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38 of 42 people found the following review helpful
4.0 out of 5 stars Good ideas, a really worthwhile read
I have read 1000's of books on the subject of success, law of attraction, motivation and wealth creation. I have been a business consultant, serial entrepreneur and motivational coach for a number of years. As such I have read many good and extremely poor books on motivation and willpower.

This book falls into the category of well worth reading and is a...
Published on 7 Mar 2012 by C. M. Cotton

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8 of 8 people found the following review helpful
3.0 out of 5 stars A bit of a test of willpower
I really wanted to like this book. It's a popular science book about research into the concept of will-power -apparently an idea which fell out of favour among psychologists for ages, but is now coming back into favour. I'd heard of Roy Bauermeister's research and know that he's a groundbreaking expert in the field. Similarly, I've read articles by James Tierney which...
Published on 15 Mar 2012 by J. Charlesworth


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2 of 3 people found the following review helpful
2.0 out of 5 stars Disappointing, 1 Jun 2012
By 
S. Pawley - See all my reviews
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A review on the back cover calls this book `a fascinating account of the exciting new science of self-control'. That is rather misleading: above all, this is a self-help book. The core advice is almost certainly familiar. It focuses on the same issues as most books in the genre: quitting smoking, losing weight, better budgeting, being more organized. And the basic elements of the advice are unlikely to be new: if you want to succeed, clearly define specific goals, monitor your progress, and try to make changes gradually rather than suddenly, so that they become ingrained habits.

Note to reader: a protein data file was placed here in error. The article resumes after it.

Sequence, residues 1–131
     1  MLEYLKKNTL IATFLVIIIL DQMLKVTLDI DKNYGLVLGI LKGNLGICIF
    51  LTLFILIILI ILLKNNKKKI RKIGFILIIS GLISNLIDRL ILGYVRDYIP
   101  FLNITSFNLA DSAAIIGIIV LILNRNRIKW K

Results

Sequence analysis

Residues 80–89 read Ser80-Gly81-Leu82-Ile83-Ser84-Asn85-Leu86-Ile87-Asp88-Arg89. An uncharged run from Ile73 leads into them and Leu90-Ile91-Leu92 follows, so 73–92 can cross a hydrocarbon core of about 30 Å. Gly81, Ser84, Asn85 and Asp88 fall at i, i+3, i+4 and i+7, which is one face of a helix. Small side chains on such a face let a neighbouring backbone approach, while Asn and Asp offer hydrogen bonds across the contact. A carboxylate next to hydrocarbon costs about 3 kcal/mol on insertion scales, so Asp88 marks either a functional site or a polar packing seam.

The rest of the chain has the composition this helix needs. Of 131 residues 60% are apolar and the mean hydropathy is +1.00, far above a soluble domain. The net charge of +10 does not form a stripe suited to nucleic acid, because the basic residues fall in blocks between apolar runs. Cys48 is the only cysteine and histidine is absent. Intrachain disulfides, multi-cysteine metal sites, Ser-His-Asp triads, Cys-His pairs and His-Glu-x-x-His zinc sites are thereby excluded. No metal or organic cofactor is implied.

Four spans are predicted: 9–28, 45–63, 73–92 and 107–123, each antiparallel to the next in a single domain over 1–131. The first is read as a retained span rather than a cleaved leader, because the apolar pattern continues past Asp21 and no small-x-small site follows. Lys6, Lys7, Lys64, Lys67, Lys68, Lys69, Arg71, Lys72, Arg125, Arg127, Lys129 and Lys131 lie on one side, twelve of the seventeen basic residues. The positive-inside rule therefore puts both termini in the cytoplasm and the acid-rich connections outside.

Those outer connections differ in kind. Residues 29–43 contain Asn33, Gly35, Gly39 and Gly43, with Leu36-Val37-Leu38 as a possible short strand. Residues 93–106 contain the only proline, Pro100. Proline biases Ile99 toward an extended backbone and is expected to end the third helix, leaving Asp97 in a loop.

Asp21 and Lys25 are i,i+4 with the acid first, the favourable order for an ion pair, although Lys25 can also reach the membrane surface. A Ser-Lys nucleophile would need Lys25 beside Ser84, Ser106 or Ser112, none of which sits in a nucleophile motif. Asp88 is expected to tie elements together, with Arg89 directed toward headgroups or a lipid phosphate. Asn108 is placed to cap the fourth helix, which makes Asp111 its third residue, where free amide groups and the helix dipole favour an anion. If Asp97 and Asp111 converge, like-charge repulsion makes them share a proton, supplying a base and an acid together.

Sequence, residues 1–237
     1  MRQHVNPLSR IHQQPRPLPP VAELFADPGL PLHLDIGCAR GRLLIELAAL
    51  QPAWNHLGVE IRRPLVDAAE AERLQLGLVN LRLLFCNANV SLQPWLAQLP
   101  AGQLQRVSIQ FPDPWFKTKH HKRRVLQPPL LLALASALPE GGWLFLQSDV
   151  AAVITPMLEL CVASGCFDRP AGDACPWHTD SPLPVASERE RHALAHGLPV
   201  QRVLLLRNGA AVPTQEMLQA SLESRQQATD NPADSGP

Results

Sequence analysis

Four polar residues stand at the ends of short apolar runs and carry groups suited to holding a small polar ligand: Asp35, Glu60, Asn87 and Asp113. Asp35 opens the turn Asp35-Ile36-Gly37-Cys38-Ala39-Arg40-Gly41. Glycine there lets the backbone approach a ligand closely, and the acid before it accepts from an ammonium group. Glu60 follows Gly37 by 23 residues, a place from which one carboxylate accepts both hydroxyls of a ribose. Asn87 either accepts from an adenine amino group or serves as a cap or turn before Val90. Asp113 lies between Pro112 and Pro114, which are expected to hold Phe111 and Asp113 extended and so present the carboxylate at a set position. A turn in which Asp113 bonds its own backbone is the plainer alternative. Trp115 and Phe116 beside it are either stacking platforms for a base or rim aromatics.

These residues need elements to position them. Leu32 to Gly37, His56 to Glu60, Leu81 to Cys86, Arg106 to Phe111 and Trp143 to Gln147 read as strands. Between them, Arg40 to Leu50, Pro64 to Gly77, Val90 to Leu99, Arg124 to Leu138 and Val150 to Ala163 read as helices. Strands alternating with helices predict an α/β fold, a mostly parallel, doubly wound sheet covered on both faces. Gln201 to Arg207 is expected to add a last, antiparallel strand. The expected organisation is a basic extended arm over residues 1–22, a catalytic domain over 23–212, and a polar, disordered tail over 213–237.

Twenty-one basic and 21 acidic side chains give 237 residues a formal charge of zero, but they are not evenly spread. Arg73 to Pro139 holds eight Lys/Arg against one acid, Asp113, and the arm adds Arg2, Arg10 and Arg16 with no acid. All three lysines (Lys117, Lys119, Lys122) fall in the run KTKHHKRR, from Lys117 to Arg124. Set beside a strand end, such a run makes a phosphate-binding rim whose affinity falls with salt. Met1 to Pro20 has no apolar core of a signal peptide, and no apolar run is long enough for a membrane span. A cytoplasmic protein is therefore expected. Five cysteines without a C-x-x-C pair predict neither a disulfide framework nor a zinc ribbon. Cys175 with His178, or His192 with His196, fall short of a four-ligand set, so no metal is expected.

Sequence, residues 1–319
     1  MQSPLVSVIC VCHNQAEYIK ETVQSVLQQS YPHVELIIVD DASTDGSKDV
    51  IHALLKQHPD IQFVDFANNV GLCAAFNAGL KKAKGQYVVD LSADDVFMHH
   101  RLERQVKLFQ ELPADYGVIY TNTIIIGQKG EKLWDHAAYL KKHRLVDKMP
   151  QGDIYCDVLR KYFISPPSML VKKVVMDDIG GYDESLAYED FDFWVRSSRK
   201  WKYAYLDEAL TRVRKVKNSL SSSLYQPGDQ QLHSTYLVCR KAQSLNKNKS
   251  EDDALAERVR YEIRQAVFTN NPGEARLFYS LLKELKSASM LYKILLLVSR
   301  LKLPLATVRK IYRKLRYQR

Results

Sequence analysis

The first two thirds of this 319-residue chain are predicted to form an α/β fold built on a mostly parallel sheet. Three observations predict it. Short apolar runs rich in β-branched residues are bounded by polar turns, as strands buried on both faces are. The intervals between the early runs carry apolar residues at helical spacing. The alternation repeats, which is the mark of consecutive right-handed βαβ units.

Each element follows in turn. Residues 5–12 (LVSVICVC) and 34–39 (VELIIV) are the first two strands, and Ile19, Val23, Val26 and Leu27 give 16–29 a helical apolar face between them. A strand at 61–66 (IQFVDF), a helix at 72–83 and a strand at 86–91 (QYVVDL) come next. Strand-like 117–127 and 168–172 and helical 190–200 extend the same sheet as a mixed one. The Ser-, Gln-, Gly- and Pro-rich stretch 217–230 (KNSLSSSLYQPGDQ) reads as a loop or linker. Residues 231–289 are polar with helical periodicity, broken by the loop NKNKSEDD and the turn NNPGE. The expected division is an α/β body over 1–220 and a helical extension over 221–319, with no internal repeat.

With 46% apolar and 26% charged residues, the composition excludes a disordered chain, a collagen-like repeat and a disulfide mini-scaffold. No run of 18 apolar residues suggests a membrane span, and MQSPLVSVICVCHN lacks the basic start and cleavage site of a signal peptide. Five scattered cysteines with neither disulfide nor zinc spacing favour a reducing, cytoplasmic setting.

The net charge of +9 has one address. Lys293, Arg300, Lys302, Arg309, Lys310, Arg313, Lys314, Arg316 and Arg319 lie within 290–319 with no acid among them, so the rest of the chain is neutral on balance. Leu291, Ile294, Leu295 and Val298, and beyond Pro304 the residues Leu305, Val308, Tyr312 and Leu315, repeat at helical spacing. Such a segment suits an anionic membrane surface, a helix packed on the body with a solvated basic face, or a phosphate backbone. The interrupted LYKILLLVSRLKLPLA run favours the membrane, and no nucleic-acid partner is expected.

There is some science here - mostly descriptions of psychology experiments, but they are presented in a rather superficial way, and the science behind them is not explored in any depth (numerous references to these studies are included, though, so one could look some of them up if one were moved to do so). Besides that, there are accounts of how various celebrities developed willpower in order to overcome certain challenges. I did not find these anecdotes very engaging.

Overall, this is a disappointing book. It claims to offer new insights into psychology, but they are not contextualized or developed in enough depth to be of much interest. The focus is on the practical implications of this science for how people can improve themselves. (By the way, improving oneself means being slim, fit, wealthy and successful at work - the authors do not question whether pursuing these goals makes people any happier, they simply accept them as universal aspirations, although they qualify this once or twice by acknowledging that there is more to life than money). The practical advice on self-improvement says nothing that has not been said a thousand times before.